I think with some of the favourites, I will just go ahead and paste over my translation on top of the English. I did already have that idea, but thought it was maybe a bit silly – your post has persuaded me to go ahead! And those lists of wordless books are great, I am ordering a bunch now.
Anabela, I’m glad you found this post useful. I appreciate you sharing your experience so far and I’m sure other parents will benefit from hearing it.
Your situation is challenging, but it sounds like you’re making strong, proactive efforts to overcome it. Good for you!
I hope you and your son enjoy your new wordless picture books! I love them!
Another great post for parents who are raising bilingual children! Pinterest is another resource for parents to locate reading materials in a collaborative way.
Thanks for this, Adam. Very timely post as I have this dilemma. My partner’s language is a dialect of Cook Islands Maori (group of 15 tiny islands in the South Pacific) and I have acquired all the possible books available (in the main dialect but close enough). We have a total of about 60 books now, most I got for free through the Ministry of Education here in New Zealand which was awesome but they aren’t producing anymore. Great idea about attaching the translation onto English books. I am now on a quest to have my partner help me translate some books into his dialect and I’ll glue it over the top. That will help me with my own language development too. Thanks!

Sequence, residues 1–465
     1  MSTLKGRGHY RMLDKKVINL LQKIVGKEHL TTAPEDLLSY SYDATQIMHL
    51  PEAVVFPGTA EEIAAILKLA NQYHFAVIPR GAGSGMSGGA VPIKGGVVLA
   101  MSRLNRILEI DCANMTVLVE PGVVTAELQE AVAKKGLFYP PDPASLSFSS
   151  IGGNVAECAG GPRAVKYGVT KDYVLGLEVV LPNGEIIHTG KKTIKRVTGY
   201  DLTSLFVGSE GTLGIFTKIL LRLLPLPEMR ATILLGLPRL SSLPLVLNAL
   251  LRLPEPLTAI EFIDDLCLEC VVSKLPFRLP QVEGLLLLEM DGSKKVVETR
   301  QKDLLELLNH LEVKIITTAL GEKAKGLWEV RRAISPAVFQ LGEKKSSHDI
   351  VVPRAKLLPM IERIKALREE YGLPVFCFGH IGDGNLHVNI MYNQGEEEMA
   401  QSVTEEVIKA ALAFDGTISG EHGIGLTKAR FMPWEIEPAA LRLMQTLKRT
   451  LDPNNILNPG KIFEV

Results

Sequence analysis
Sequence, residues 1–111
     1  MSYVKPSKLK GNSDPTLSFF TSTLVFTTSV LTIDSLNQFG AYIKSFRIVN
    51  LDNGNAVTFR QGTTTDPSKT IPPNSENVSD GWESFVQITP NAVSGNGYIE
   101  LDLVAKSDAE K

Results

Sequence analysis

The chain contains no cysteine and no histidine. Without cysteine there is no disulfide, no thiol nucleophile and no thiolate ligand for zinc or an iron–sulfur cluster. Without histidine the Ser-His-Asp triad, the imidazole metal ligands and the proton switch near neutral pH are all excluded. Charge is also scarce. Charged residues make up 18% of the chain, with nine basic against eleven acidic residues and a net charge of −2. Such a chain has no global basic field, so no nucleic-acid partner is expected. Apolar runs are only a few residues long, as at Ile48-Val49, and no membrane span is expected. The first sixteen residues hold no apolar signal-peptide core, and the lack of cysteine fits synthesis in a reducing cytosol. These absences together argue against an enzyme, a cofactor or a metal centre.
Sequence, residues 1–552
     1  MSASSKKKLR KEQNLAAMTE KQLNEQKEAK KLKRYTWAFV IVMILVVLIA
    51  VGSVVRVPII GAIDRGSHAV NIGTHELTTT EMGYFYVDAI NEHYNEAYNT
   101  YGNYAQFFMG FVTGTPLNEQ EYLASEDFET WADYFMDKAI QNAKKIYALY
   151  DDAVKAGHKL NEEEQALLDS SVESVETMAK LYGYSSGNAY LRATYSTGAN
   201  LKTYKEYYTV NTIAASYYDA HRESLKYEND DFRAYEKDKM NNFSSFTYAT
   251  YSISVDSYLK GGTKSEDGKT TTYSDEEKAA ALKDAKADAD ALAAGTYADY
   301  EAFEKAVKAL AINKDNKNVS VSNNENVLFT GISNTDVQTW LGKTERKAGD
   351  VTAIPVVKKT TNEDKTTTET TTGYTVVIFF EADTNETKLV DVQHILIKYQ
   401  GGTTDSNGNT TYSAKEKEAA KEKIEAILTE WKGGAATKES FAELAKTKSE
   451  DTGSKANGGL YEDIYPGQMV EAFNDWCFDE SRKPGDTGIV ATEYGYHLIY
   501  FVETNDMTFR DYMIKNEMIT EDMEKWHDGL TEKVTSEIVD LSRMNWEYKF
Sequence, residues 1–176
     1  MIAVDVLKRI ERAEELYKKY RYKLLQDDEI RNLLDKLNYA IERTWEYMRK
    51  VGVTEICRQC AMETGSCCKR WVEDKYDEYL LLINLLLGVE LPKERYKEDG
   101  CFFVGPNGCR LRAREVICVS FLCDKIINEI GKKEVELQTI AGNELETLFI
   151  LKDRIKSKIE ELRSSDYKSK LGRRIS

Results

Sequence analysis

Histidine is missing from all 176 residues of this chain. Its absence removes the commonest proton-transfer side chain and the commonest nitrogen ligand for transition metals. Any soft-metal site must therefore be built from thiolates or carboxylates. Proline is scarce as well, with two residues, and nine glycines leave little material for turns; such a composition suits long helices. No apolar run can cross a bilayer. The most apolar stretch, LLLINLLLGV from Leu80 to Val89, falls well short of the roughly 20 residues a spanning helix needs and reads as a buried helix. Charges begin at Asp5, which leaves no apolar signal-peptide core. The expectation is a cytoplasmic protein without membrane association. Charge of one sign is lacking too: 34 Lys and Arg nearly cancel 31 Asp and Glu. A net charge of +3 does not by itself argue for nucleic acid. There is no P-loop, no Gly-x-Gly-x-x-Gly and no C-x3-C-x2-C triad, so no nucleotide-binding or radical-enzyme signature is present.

I’m glad this post could be of some support. Your situation sounds challenging, but the good efforts you’re making will surely pay off over time in stronger language development (for both you and your children!). Keep at it, day by day!
What you are doing is so important. Teaching your child Cook Island Maori is in invaluable gift to him/her and to humanity. Every language is a unique, irreplaceable, and incomparable part of our human heritage and they are like the different species of birds—so beautiful in their diversity and so fragile if they are not protected. Do not let colonial or post-colonial ideologies take away this precious gift from your family.